Pence tells Virginia crowd to 'end the silence,' promote Trump
Pence's visit, coming just two days after a hastily scheduled appearance by presidential nominee Donald Trump in Ashburn, Virginia, differed in tone and content from the typical Trump rally.
Pence opened his remarks speaking from a prepared text, unlike Trump, in which he hit on traditional conservative themes of opportunity and limited government, and he told the crowd the election boiled down to whether the nation would "double down on paternalistic policies, or turn back toward freedom."
He spoke of how he "was blessed with a front row seat to the American dream," and related the story of how his grandfather, an Irish immigrant, came to the United States to make a new life for himself.
Pence also spoke out against the tone in political debate, noting that it has "become like a cable news show, it’s like 'Cross Fire' all the time" with people shouting at one another, instead of debating ideas.
Pence said there was "more in this country that will unite us than ever divide us."
The candidate also noted that "Virginia will loom large" in the election, a point he made clear by noting how "Hillary chose my competitor [Virginia Sen. Tim Kaine] from around these parts."
Kaine made his first solo visit to the commonwealth on Monday evening. In his speech, Kaine also said Virginia would play a critical role in the presidential election.
Reports on Thursday said a pro-Clinton super PAC, Priorities USA, had pulled its planned broadcast television ad buy in Virginia, which was interpreted as a sign of confidence the Clinton campaign is doing well in the state.
At the same time, Priorities USA is running web ads targeting Hispanic voters in key states, including Virginia.
The RealClear Politics average of polls conducted in Virginia show the Clinton-Kaine ticket with a 5.3-percentage-point advantage over Trump and Pence.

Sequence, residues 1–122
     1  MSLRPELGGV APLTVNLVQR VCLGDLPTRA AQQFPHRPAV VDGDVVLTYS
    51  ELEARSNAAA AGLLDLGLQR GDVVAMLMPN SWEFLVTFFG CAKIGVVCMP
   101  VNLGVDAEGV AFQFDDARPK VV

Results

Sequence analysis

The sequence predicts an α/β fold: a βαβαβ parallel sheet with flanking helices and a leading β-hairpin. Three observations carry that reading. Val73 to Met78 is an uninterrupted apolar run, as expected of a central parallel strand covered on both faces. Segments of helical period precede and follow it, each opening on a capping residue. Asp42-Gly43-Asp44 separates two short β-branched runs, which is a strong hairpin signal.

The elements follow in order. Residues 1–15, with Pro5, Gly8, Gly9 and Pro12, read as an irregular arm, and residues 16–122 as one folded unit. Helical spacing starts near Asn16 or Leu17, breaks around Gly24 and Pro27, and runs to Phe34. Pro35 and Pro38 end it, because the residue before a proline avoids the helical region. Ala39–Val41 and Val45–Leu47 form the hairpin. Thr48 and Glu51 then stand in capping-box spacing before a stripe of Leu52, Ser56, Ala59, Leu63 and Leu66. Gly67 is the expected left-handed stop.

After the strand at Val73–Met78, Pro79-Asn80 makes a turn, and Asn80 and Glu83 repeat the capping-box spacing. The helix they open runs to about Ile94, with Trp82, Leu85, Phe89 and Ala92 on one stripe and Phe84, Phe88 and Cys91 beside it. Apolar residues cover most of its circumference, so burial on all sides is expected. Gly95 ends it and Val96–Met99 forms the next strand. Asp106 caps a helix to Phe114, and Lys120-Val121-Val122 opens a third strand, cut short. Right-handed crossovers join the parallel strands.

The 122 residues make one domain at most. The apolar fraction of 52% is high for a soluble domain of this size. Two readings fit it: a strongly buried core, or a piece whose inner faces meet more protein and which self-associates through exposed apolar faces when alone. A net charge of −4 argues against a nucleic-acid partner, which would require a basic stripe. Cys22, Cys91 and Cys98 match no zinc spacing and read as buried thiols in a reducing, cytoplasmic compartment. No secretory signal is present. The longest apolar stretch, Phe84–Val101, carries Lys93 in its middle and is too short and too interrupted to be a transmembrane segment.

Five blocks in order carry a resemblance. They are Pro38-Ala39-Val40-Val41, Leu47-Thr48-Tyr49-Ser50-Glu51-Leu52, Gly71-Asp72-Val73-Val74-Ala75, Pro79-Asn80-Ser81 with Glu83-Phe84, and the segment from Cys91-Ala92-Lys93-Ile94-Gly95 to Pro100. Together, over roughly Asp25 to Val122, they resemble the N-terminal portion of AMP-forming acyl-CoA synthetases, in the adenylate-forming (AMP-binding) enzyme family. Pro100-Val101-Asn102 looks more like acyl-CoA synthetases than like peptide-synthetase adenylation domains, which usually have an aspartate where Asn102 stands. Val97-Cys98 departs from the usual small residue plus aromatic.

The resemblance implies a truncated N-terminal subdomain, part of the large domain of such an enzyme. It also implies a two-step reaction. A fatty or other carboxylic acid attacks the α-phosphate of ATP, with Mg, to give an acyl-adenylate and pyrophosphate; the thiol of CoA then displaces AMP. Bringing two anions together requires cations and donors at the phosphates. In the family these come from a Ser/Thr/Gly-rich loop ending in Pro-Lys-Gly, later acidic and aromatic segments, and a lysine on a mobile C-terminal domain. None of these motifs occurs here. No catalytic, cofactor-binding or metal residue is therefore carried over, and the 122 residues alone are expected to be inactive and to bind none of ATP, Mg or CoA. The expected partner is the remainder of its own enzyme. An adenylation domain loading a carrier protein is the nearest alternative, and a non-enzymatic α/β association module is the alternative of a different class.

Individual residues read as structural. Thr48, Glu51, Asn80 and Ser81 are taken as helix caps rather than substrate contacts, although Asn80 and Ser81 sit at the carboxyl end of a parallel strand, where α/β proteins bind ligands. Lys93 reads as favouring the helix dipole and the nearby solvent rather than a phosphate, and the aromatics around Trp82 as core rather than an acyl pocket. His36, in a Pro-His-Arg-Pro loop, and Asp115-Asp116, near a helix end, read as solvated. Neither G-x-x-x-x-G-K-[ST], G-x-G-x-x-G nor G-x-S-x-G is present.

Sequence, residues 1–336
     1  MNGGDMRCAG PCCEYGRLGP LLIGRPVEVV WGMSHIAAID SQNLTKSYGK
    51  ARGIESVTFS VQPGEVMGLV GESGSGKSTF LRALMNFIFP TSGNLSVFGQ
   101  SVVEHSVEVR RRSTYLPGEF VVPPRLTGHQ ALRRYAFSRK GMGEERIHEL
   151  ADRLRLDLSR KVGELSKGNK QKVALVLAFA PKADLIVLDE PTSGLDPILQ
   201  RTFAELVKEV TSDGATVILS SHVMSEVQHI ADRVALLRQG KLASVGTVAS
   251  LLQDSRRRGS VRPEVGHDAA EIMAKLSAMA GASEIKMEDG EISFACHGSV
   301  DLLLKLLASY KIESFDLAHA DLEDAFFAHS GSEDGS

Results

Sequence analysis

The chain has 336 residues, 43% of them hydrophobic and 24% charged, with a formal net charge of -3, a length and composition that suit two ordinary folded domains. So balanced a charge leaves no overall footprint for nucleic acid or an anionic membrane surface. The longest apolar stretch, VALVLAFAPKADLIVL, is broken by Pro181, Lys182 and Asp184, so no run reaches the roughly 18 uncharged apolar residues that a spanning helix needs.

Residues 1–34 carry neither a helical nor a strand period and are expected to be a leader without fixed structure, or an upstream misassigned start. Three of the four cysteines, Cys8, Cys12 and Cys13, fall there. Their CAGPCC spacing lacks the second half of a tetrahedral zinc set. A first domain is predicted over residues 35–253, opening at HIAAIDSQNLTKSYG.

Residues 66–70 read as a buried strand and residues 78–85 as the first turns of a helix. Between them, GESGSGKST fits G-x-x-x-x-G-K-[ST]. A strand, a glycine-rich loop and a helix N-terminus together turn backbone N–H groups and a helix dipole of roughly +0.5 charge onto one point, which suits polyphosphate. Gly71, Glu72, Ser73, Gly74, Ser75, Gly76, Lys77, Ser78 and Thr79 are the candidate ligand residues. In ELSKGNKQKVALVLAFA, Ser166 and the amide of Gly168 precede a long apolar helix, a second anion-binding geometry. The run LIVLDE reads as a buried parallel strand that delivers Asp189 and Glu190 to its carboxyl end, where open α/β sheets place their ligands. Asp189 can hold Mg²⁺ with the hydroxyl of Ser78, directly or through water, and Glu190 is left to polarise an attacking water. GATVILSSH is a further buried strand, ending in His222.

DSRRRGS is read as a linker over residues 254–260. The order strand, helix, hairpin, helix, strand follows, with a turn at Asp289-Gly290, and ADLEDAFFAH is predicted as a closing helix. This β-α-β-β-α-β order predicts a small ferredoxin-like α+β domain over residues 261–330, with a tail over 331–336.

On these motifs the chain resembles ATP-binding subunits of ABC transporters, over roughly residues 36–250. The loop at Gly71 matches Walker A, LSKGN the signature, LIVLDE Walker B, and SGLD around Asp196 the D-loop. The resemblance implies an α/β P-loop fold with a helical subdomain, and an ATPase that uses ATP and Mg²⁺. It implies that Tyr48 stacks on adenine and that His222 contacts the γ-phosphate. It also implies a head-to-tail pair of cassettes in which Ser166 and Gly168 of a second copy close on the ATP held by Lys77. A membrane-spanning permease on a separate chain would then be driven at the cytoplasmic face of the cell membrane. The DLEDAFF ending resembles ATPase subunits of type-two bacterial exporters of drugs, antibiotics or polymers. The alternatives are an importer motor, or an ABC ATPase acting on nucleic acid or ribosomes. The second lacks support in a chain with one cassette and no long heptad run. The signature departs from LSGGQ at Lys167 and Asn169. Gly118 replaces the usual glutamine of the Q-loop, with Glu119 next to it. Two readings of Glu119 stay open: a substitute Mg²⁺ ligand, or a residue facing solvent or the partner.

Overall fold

Pence did not mention the ad wars or spending. Instead, he urged the crowd to use old-fashioned word of mouth to spread the GOP ticket's message.
"I hope you came here today to get motivated," Pence said, "to end the silence" that may keep people away from the polls, and harm Republican candidates up and down the ballot.
During a brief question and answer session with the crowd, Pence was asked how a Trump administration would address gay and lesbian rights, and whether there would be diversity of opinion in the campaign.
"I avoid discrimination of anyone," Pence said. "These issues are best worked out at the state level, and not through dictates from Washington, D.C."
"We work these issues out with compassion and respect."
As Indiana's governor, Pence signed a religious freedom bill in 2015, that critics said would have allowed for legal discrimination against homosexuals.
In a March 2015 press conference, Pence said that while he "believe[d] in religious liberty," and that he "abhor[ed] discrimination," there had been a great deal of "misunderstanding and confusion and mischaracterization" of the original law.
Pence sought and won approval of changes to the statute that he said would make clear "that this law does not give businesses the right to deny services to anyone."
In a related development on Wednesday, the United States Supreme Court blocked the enforcement of a lower court order allowing transgender student Gavin Grimm, who was born female but now identifies as male, to use the boys' restroom in the Glouchester County schools.
The school system has requested the Court's intervention while it prepares its appeal of a 4th Circuit Court of Appeal decision that held the district's denial of Grimm's choice of restroom facilities violated the Title IX ban on sexual discrimination.
The event's final question from the audience came from a young boy named Tucker, who asked Pence "where will America be in the next four years?"
Pence said that was "in the hands of the American people right now."
"America is going to choose strength," Pence said. "Four years from now, we will have made America great again."